Laden with safety tech; contrasted by a boosted 298kW and 475Nm V6
Aging icon enters BFYB again thanks to delayed arrival of Nismo variant
Burbling 227kW/407Nm 2.5-litre boxer bolstered by new brakes
El-cheapo GTI shuns fi ve doors and adaptive dampers
Faster, grippier, but at $56,990 can the reigning champ offset a $6K price hike?
Base-buy V6 Stinger banking on 272kW/510Nm and rear-drive skills
The fast Octavia’s back in dog-hauling form and standard 169kW spec
Our cheapest rig is also the lightest. Now more powerful with 103kW/270Nm
Trick dampers, bigger brakes, and slippery ol’ Michelin Primacys for $39K
VTEC, turbo and 228kW/400Nm makes it the most powerful front-driver
Competitively priced at $39,990 considering its 202kW package
Fit as ever with 200kW/330Nm to lug along 1205kg. Cheaper, too
FHI’s bit the bullet and gave the BRZ more grip, but no more power
Less trinkets, but no less performance from this ever-green performance hero
These potential threats must have spooked Volkswagen a little. The brand’s recently slashed the entry point into its Golf GTI and R ranges, birthing the GTI Original and R Grid Edition. The Original pinches the three-door body shell and passive suspension from European markets to carve $4K from a five-door GTI’s price, while the Grid Edition prefers to drop numerous luxuries to keep five doors, adaptive suspension and a 213kW turbo four backed by all-wheel drive. Sure, a six-speed manual transmission in both will cost them precious tenths at the drag strip, but will shave at least $2000 from their price tags.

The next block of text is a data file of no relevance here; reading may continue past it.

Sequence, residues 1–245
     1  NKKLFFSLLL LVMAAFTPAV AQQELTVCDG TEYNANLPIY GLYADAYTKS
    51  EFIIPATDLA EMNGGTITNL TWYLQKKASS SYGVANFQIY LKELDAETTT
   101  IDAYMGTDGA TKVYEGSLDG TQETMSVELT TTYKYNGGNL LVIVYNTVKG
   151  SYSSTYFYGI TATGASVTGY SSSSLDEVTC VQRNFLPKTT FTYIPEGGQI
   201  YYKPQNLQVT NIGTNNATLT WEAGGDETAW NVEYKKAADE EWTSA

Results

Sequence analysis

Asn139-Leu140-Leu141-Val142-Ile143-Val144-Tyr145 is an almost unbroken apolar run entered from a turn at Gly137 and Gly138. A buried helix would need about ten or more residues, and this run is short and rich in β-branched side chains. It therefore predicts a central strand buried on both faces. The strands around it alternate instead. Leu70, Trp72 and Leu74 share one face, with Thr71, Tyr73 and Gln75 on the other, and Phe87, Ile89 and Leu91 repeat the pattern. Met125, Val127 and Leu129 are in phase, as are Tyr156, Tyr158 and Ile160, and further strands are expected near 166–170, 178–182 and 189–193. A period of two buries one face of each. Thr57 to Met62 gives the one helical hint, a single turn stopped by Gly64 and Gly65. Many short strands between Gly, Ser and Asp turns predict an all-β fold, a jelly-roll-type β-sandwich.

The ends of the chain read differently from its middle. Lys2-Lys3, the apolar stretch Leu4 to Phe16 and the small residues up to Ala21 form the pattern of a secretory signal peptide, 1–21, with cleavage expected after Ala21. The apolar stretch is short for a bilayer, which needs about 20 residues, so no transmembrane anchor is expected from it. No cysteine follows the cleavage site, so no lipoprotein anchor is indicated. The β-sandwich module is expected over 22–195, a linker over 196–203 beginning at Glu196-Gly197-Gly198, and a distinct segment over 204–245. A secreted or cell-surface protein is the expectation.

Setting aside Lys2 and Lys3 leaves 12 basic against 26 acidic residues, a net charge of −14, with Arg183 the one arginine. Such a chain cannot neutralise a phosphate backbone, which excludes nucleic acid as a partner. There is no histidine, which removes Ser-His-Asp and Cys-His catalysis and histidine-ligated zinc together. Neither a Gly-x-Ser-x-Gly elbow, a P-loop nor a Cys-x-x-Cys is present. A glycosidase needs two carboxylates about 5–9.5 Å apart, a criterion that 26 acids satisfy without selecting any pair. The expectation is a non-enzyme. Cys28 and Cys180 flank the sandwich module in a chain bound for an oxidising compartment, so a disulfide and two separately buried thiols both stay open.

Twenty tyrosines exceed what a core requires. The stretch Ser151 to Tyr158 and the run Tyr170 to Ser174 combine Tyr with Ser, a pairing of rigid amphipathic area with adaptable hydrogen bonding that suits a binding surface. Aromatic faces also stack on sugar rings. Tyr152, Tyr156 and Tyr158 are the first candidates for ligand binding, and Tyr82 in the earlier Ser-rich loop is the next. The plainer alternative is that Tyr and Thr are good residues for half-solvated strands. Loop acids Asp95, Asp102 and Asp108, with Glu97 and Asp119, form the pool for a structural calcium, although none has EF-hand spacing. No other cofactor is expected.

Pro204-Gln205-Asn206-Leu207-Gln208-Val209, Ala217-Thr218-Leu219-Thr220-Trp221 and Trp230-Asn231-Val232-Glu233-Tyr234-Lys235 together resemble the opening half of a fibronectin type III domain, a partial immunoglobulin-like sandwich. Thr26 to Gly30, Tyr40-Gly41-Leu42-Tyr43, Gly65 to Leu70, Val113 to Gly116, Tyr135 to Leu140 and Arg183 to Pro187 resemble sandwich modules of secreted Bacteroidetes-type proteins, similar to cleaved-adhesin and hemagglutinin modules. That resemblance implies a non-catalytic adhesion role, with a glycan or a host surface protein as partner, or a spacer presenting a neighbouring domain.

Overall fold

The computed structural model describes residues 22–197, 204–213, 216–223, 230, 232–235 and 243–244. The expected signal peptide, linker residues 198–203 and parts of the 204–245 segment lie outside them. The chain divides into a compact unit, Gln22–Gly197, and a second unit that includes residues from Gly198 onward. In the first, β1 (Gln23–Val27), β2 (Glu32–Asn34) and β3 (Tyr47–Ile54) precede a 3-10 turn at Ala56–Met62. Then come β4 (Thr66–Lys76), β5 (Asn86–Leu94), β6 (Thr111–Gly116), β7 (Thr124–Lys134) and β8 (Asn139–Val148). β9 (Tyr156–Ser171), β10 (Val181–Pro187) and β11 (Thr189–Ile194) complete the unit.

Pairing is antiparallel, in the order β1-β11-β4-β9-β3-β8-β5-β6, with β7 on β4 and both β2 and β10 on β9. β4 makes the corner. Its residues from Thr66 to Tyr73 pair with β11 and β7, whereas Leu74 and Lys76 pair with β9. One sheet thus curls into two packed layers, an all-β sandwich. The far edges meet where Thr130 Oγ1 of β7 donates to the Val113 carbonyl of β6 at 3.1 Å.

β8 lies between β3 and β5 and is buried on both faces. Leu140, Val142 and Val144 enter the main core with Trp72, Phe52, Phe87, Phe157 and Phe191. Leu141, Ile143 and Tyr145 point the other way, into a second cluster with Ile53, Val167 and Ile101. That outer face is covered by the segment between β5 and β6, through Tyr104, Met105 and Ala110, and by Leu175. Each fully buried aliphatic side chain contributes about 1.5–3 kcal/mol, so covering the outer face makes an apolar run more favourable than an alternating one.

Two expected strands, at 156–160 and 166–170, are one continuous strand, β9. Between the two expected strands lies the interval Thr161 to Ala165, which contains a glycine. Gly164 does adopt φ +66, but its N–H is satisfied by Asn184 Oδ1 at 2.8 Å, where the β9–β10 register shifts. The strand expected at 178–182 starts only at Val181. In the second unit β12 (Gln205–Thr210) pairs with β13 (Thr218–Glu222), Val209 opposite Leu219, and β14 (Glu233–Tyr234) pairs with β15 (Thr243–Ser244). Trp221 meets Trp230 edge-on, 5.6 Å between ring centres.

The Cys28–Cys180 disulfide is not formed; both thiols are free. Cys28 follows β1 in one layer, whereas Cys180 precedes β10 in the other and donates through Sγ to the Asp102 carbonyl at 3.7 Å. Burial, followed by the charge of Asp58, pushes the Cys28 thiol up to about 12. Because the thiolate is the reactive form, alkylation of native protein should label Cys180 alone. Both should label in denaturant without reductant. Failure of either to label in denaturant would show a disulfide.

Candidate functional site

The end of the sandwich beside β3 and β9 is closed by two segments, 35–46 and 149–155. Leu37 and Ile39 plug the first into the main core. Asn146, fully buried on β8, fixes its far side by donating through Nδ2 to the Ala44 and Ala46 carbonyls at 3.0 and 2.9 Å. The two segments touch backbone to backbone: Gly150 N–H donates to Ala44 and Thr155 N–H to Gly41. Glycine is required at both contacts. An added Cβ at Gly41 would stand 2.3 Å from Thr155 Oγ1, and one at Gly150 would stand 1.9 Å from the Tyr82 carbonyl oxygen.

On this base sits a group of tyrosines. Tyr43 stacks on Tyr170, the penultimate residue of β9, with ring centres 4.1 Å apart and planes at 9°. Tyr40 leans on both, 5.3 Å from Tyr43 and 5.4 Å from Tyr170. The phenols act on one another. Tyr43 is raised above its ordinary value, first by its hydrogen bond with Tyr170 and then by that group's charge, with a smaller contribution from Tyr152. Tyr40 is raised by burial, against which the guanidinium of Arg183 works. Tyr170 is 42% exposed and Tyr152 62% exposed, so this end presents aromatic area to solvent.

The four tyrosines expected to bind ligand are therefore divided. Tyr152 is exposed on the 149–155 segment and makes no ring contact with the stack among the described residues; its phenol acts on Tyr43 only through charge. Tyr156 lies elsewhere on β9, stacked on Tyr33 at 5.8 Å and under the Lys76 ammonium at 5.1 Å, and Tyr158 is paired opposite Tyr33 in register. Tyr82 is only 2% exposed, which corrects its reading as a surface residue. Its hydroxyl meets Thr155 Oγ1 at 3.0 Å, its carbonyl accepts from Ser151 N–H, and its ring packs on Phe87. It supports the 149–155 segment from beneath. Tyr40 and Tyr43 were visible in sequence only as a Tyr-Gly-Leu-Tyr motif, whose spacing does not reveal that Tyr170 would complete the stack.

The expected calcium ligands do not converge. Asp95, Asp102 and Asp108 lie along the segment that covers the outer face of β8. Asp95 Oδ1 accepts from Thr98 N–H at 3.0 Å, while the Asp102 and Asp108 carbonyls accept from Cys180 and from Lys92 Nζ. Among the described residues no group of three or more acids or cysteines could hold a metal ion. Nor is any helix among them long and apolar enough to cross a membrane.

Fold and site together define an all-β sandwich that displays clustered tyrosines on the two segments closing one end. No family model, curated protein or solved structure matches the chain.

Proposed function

Europe’s hot shots continue coming with Peugeot, which has lopped a substantial amount from the 308 GTi 270’s price to nab a guernsey this year. Thankfully, its mechanicals are untouched. It still has massive brakes with floating discs, fat Michelin tyres, and a teeny 1.6-litre turbo four that pulls with the urge of a much larger capacity engine. They’re all packed into its remarkably light five-door body shell for $45,990.
Ford is back to defend its title with a grippier Focus RS. It’s called the Limited Edition, because only 500 are coming here before this generation is laid to rest – which will be sad. But a limited-slip differential from Quaife is bolted into its nose to reap more from Michelin Pilot Sport Cup 2s wrapped around lightweight forged wheels. They’ll complement its alarmingly capable suspension and beefy 2.3-litre turbo four.
Suzuki’s new Swift Sport is an ankle-biter by comparison, but don’t overlook it. Half of the past decade’s winners wielded a cheap, light, front-drive formula. The Swift should prove an expert in this field, using a turbocharger to downsize its engine capacity to 1.4-litres. Power’s barely changed, but torque has swollen – an upgrade only amplified by an 80kg weight drop.
The next dark-horse wears a more swooping profile. The Kia Stinger couldn’t dazzle our judges at the last PCOTY, however, its 3.3-litre twin-turbo V6, drilling down its drivetrain to the rear axle, promises to shine in this company. We’ve shunned the range-topping GT for the thriftier 330S variant, saving $7000 in the process. While this keeps crucial Brembo brakes and a rear LSD on its spec list, it riskily trades the price cut for the omission of staggered rubber and stiffer adaptive suspension.